He had been a vegetarian since the 1980s. He is now vegan since 2008, telling PETA "Soon after I went vegan, I saw some documentary footage of what happens in the factory farming of cows... It sealed the deal." Kiedis regularly practices Vipassana meditation and is a follower of Kabbalah, but says "I don't go for sects and denominations."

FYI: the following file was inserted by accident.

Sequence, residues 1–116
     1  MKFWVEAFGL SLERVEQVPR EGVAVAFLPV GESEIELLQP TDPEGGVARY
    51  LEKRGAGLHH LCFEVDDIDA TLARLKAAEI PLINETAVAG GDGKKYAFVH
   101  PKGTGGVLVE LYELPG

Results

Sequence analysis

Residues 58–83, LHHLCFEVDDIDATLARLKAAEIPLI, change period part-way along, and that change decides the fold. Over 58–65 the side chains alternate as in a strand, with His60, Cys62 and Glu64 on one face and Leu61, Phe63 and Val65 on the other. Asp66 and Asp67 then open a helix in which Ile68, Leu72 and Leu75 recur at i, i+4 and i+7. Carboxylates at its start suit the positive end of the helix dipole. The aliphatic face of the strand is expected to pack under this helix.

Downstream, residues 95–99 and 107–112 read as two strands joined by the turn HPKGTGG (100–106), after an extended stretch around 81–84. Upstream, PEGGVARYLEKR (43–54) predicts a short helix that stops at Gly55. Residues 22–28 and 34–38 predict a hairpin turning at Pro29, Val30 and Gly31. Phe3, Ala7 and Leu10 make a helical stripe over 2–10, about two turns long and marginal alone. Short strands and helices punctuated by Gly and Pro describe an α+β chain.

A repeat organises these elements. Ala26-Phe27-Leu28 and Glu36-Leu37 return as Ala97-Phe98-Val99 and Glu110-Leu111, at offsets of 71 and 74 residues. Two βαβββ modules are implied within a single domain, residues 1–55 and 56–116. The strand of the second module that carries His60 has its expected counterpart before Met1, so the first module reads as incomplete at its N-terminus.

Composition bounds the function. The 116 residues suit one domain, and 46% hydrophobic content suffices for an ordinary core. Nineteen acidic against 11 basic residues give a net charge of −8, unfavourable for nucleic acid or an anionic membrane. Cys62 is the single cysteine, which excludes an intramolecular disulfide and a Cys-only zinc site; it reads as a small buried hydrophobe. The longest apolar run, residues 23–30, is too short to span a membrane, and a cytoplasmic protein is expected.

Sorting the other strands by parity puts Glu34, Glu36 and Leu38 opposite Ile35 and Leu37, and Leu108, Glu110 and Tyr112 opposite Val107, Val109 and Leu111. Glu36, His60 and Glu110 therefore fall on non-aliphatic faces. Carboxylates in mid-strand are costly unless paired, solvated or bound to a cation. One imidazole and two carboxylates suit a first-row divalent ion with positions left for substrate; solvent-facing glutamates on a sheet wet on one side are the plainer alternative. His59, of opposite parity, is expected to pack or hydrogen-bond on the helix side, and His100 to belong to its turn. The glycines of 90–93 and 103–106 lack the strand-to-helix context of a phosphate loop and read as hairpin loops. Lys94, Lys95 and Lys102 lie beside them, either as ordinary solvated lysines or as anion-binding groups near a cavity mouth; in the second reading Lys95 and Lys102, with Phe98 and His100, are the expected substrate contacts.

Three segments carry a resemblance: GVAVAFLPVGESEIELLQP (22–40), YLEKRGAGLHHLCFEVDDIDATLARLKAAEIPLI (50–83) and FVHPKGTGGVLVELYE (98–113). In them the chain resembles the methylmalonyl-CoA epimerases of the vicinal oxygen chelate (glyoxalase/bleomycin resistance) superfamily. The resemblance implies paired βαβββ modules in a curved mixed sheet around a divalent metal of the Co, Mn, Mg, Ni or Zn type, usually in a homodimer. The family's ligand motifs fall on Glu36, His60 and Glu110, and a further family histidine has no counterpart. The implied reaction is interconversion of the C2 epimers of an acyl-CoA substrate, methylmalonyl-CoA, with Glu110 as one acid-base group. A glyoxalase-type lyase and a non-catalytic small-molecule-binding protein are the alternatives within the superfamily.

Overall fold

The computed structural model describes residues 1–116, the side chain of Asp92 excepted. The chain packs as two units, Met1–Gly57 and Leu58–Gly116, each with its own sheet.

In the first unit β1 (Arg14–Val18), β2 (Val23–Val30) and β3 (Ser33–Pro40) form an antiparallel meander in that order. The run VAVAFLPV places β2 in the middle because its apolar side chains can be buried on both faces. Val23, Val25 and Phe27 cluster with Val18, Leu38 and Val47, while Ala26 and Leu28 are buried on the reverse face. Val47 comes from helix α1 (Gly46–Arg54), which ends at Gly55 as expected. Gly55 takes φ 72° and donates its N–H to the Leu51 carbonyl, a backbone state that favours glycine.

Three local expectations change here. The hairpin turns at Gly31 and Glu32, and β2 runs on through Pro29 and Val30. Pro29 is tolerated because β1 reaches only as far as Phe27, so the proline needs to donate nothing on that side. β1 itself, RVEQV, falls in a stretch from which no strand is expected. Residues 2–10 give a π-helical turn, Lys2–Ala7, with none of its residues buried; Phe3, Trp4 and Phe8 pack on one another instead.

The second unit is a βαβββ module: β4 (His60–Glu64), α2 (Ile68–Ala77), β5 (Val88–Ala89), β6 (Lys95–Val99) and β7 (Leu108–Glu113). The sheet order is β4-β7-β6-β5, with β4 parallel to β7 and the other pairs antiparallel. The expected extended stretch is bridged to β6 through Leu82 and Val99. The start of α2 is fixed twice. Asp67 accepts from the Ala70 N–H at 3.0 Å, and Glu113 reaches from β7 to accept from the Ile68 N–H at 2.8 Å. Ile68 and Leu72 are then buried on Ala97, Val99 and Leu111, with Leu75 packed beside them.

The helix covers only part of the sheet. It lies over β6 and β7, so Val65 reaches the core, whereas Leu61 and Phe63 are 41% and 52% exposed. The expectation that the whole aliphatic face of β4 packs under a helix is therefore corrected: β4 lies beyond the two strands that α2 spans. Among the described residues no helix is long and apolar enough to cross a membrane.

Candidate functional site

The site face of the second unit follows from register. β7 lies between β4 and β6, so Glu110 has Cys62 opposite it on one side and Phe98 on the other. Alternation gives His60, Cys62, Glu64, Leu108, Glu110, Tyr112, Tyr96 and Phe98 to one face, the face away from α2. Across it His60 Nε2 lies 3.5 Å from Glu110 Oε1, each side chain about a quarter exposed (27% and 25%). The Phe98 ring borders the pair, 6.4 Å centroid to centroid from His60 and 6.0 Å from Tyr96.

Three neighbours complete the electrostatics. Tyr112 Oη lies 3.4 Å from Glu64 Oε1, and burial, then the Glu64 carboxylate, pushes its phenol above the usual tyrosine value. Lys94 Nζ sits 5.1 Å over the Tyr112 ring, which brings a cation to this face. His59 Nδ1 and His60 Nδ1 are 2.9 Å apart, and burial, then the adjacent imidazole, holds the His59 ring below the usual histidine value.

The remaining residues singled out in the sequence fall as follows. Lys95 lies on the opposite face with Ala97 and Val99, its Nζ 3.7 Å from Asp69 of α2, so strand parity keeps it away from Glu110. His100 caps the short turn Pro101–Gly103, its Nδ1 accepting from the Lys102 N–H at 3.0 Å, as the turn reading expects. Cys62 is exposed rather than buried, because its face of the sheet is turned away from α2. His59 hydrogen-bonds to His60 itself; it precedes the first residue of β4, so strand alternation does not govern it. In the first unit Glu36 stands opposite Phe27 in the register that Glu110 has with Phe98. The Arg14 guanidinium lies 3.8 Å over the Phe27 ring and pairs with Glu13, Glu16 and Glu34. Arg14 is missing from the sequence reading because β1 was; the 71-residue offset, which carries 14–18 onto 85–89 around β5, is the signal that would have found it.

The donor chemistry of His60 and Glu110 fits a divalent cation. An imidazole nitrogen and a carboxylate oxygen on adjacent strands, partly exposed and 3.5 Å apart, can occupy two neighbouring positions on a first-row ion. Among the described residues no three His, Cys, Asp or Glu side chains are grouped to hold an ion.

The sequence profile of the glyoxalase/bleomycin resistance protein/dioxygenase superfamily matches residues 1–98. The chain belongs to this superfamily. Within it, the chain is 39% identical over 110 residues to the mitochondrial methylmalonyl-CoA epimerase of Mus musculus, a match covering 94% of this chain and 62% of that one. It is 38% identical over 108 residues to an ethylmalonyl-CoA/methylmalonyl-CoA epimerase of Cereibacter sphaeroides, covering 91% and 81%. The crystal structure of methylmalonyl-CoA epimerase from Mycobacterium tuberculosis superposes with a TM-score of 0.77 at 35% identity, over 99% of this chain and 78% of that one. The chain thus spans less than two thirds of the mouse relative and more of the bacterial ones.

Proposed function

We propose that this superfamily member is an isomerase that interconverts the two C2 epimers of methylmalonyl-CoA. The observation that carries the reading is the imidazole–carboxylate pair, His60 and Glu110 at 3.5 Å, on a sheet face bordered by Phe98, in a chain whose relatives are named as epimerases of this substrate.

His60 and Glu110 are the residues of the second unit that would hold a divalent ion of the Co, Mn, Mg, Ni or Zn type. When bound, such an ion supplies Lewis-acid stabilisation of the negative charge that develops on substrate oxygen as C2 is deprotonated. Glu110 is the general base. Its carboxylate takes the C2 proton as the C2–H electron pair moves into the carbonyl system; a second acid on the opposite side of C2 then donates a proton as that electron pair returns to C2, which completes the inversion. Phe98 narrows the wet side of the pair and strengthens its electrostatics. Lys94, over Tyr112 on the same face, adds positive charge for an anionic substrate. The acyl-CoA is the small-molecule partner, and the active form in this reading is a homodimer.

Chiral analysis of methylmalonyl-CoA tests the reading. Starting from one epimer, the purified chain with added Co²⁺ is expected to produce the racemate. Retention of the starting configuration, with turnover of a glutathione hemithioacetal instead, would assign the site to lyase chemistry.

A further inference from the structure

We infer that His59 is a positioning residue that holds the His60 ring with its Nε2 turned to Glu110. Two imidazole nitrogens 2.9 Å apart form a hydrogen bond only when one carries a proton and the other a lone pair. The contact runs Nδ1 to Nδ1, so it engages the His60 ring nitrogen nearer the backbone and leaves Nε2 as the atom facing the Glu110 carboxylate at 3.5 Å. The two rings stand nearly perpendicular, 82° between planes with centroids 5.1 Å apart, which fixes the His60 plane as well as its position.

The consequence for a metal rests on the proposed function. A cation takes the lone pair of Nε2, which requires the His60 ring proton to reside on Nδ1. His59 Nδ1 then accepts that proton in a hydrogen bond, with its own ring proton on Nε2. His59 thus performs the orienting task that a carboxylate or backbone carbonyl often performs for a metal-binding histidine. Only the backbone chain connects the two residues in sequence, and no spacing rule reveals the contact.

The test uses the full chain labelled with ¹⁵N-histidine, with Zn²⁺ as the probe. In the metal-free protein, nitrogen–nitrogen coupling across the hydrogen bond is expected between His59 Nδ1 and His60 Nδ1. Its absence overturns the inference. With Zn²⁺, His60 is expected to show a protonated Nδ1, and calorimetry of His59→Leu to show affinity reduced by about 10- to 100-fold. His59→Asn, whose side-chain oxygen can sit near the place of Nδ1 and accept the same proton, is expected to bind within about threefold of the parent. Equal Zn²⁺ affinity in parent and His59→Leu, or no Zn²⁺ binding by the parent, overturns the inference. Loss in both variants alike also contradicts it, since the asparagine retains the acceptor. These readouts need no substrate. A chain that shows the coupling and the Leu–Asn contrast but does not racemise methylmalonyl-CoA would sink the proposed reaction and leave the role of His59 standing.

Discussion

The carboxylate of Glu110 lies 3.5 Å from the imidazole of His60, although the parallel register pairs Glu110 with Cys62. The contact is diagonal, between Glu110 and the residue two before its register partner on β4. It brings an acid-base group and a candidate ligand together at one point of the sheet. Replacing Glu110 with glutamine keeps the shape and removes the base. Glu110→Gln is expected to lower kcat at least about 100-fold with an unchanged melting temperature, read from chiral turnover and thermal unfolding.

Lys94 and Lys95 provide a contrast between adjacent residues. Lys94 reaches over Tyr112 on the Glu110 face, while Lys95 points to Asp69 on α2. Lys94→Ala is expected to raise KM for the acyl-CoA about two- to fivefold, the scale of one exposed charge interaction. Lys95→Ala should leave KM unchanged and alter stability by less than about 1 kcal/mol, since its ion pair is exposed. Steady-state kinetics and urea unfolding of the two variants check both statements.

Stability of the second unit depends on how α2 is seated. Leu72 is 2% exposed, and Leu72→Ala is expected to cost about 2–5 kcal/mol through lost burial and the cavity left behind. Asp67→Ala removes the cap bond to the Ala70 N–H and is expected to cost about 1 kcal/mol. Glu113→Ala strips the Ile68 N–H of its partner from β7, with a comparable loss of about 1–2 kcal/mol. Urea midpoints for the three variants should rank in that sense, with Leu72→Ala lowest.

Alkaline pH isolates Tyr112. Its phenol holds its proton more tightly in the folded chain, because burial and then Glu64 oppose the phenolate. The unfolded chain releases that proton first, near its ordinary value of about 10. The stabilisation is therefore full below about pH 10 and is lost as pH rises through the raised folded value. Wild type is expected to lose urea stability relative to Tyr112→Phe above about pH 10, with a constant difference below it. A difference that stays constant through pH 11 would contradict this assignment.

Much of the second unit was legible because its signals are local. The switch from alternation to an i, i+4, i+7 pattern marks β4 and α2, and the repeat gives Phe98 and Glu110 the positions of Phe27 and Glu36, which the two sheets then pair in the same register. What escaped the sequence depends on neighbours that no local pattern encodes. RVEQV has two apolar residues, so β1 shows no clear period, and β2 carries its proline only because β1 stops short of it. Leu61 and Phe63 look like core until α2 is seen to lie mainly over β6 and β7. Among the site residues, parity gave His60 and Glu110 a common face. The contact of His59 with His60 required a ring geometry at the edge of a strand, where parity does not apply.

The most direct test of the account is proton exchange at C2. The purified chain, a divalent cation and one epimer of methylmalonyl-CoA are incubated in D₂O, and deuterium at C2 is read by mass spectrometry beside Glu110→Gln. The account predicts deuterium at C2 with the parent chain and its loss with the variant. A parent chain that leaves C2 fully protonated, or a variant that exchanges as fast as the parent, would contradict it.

Kiedis is a longtime Los Angeles Lakers fan; along with friend and bassist Flea, and former Peppers' guitarist John Frusciante. He has had courtside seats for years.
He is also a fan and collector of Robert Williams. He bought Mirror Image with Varicose Eyeballs, which also appeared in the art show Helter Skelter at the Los Angeles MOCA in 1992 and referred to him in the song "Mellowship Slinky in B-Major".
- Red Hot Chili Peppers